Motivation is funny, as I work on projects only when I actually want to. I tend to loose my motivation quite often, but then again I also work on games I tossed aside years ago and continue them. It doesn't matter if I plan out everything first or just work and see were it takes me. That's also the reason why I only do relatively short games (a few hours long) instead of thise big, epic RPGs. I know I will just never finish them or it will take me years. xD

But here, some games I worked on and why I did that:

Lufia Fangame

A dungeon crawler, where I only had a start and an ending. When I made a town, I made all equip, spells, items etc. I needed. When I did a dungeon, I made all for that. I actually paused the game I think 2 or 3 times, so It took me over 2 or 3 years to actually finish it, and even then it wasn't as big as I wanted it to be. Would more planning have helped? I doubt that. 

Sao

A game that took place in the same universe as the game of a friend. This thing had no story, it was basically just the misadventure of this guy as he journeyed and murdered himself through everyone and everything. I planned absolutely nothing and just kept going. For this thing, this was probably the best approach. When I started a region, I somewhat knew what would be in there, but still not everything. For example, I had a town with a few battles and giant catacombs underneath. I knew the player had to find something in here to continue, but I put so much stuff inside there, I never knew it would turn out so big in the beginning. Would more planning have helped? Definitly not for this game. 

EMDES 2

The first one was based on a game made by craze which took only a week to complete. It was just a fun litle thing, a "hack'n'slay" with the standard battle system. Took a week to complete. Planning? Nah, I knew what I wanted and the game was so short, most was done balancing things.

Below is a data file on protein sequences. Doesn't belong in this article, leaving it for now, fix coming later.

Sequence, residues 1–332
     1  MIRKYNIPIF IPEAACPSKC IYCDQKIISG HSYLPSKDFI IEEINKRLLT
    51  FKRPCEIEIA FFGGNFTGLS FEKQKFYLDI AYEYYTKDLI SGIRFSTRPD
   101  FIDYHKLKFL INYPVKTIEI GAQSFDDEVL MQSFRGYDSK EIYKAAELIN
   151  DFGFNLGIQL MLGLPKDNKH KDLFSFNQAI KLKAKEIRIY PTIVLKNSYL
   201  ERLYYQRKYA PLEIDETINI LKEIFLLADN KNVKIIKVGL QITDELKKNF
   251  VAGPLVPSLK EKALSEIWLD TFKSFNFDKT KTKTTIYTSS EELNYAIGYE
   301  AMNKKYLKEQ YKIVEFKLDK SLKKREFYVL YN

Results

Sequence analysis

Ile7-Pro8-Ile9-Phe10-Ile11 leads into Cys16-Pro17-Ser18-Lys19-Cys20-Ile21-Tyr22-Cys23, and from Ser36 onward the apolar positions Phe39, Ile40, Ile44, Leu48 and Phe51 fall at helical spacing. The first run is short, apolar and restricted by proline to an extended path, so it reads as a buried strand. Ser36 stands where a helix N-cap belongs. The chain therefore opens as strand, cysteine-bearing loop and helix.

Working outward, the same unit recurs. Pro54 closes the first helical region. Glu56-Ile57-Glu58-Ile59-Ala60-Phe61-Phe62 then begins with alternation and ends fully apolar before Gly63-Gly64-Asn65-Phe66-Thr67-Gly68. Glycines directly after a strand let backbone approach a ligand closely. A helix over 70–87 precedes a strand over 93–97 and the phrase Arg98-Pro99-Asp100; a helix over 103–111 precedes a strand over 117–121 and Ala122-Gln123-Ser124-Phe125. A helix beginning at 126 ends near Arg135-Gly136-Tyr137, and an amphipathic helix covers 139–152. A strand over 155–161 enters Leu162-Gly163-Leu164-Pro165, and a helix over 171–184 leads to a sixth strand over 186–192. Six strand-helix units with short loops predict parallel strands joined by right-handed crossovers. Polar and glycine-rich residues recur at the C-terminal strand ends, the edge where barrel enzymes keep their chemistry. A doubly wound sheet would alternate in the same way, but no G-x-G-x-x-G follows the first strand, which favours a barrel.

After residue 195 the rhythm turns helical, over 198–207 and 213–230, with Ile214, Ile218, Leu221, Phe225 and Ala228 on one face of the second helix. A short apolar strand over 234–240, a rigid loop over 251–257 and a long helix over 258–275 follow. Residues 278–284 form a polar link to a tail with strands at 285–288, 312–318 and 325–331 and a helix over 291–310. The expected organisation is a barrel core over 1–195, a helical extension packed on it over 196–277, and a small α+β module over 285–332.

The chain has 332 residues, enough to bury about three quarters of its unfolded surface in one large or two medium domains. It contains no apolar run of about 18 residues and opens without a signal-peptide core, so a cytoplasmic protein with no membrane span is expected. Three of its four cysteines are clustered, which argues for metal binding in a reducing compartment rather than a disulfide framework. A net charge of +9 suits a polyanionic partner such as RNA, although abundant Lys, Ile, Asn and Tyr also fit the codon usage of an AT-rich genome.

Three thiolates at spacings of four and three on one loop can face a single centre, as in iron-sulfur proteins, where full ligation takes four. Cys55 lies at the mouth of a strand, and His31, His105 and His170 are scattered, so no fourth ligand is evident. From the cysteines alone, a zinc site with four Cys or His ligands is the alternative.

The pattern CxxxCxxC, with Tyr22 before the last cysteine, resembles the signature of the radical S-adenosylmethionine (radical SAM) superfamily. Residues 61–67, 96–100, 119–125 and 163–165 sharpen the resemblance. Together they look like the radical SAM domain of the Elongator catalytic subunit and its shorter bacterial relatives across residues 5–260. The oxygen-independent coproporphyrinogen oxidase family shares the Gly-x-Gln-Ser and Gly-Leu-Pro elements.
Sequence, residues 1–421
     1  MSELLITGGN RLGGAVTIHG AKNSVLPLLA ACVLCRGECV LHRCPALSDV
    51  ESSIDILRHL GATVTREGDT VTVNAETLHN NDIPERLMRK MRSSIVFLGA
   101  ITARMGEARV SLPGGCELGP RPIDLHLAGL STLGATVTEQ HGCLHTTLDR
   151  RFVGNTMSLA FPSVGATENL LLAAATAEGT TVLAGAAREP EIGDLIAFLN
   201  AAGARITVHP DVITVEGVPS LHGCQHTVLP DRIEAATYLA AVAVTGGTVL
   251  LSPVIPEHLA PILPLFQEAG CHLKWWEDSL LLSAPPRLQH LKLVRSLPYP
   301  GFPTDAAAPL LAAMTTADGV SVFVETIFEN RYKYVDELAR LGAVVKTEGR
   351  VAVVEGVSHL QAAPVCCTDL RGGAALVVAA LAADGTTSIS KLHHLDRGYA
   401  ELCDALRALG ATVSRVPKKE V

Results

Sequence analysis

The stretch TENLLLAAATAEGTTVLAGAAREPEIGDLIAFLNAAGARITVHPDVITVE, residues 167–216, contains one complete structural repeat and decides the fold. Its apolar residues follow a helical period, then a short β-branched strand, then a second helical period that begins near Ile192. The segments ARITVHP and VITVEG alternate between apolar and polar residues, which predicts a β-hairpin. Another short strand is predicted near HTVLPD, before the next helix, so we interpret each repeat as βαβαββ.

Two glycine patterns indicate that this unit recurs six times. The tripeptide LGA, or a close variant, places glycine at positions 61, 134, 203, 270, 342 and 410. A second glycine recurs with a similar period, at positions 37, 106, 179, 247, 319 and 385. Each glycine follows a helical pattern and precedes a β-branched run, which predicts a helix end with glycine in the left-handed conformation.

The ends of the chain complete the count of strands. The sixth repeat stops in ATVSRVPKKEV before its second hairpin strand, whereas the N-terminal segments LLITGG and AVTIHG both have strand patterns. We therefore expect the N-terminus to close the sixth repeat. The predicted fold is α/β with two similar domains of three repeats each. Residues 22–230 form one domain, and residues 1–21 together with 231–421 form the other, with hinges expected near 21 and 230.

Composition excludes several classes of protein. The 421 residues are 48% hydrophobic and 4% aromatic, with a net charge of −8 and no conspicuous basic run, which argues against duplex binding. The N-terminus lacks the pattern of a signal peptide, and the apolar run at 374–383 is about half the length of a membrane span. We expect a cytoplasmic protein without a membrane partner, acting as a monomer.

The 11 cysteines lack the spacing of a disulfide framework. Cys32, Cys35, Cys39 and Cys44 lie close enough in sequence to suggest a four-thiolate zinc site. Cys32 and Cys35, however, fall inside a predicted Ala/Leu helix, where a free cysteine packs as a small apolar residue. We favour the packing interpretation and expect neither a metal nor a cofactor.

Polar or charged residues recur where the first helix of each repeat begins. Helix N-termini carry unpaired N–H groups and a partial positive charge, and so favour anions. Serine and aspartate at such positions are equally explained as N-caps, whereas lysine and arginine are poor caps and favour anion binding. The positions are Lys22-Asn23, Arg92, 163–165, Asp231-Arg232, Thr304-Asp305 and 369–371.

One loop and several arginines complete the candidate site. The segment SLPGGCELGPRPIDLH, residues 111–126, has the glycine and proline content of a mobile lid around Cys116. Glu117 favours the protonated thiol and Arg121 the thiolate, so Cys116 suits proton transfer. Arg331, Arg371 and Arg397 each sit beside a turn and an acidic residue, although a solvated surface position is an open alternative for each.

Now, the second one however became what I actually wanted to do: An Etrian Odyssey clone, made with 2k3. Here I actually planned a bit. I started with the classes and their skilltrees, which alone took probably 1 or 2 weeks to finish it. So I actually had to create all classes and skills first before I even started with something else. Fun thing, once that was done, I was SO DONE with this game, the game had something like 5-10 minutes of playtime before I lost motivation for the first time. All this eventing in mundane tasks, like only changing one variable on an event page, for 12 pages, for 10 events, per class, per character... yeah, that took time. It wasn't hard, it was just so damn boring, ugh. And the worst part? I continued the game later, after a few weeks/months. I actually started working on it again ~1 month before the 2k3 was officially released and I might port it at some point. Anyway, I continued it and came to the part where I wanted to do class change. Didn't work how I planned it so I reworked the code behind the entire talent trees yet again. Here, more planning for the long run would definitly have helped. I knew from the start where the story would go etc. but the actual eventing behind the scenes... I hosed up big time here.

Phoenix Wright Fangame

Yep, a Phoenix Wright fangame. Also made in 2k3. We worked on this as a small team, it just started with a few screens "Lol, look at this, I made it" and became "Hey, why not just make a full game with it?". So we started. The first case is so horribly written, you just notice that it only took us 3 weeks to finish this whole thing. The second one was better, but still. This is actually the first game where I wrote all dialogues before they were implemented. Still, these first 2 cases were not really planned at all. We somewhat knew who did it and how he did it... but that was it. We continued the game years later but completely changed the first case. This time, we actually planned everything out immediatly. Who did it, how he did it, why he did it, who appears when, who was doing what, when you find evidence X, Y and Z etc. This definitly helped to find plotholes before we released anything.

So, in the end, I think it depends on the game how you do it. Some games require more work than others beforehand. And some things just come down to personal preference. As said, I couldn't finish a game where I just map everything out at the start. I actually need to play things I implement to see if they are fun and work how I want them work.